Get to the Root

Grade Level: 
6, 7, 8, 9, 10, 11, 12
Keywords: 
Community Partner
Critical Thinking
Needs Assessment
Nonprofit Organization
Problem Solving
Resources
Service Learning
Social Action
Social/Cultural Issues
In this activity, students use critical thinking to deconstruct an issue they care about. They identify a problem, explore the root causes and effects, and research who the experts are. This is a great way to build community, use creative expression, and come up with different approaches to the next best steps in the service-learning process.

Root of the Problem is a divergent thinking activity that broadens participants' thinking about the elements of a problem and where the experts are. It's also a great opportunity to use respectful language and generous listening as they work together in small groups, honoring all contributions and expanding on one anothers' ideas. 

Materials:

  • Chart paper and markers for each group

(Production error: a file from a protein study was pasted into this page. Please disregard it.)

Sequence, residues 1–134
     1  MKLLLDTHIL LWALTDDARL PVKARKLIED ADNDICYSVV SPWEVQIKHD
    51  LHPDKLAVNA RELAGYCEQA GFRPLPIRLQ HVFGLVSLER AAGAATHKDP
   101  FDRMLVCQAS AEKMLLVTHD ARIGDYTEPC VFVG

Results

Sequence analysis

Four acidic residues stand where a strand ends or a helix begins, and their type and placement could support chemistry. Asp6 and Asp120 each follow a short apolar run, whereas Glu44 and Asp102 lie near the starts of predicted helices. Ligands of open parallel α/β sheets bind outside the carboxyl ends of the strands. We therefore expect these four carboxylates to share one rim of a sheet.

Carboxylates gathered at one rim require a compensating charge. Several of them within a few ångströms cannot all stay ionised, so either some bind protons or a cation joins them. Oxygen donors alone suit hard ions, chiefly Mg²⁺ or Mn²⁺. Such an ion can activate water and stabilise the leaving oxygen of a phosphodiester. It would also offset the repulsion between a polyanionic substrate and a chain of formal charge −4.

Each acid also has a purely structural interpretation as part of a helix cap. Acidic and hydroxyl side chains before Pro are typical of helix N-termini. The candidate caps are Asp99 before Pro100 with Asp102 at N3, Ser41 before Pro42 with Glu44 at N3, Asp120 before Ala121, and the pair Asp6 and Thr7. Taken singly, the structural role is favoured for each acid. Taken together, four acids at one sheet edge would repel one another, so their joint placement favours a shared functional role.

• Internet access to look up resources

Activity:

  1. Move the students into small groups.
  2. First, the group decides what problem they want to talk about. A problem describes what is wrong in the community. Examples: "polluted neighborhood park" or "kids come to school without breakfast" or "third graders can't read." 
  3. The students draw a tree on their chart with bare roots and branches.
  4. By the roots they write several root causes of the problem (no trash cans in the park, people don't respect the natural area, people stay inside).
  5. By the branches, they write several effects of the problem (kids can't focus on work, they are ill often).
  6. Inside bee and butterfly outlines, they write expert resources (organizations, websites, people who know about the problem and solutions).
  7. The groups share their tree brainstorming with the whole class and ask for further ideas and discussion.

Reflection and Next Steps:

Focus on what next best steps we can take right now. This may include the following:

  • meet with nonprofits,
  • investigate the problem and learn more,
  • tell others about the issue or things they can do (be an advocate),
  • volunteer,
  • change habits, or
  • collect resources to help others.

Find Learning to Give lessons related to the identified issues, understanding nonprofits, or advocacy: use search terms related to academic or philanthropy goals, service project ideas, issues, or community resources.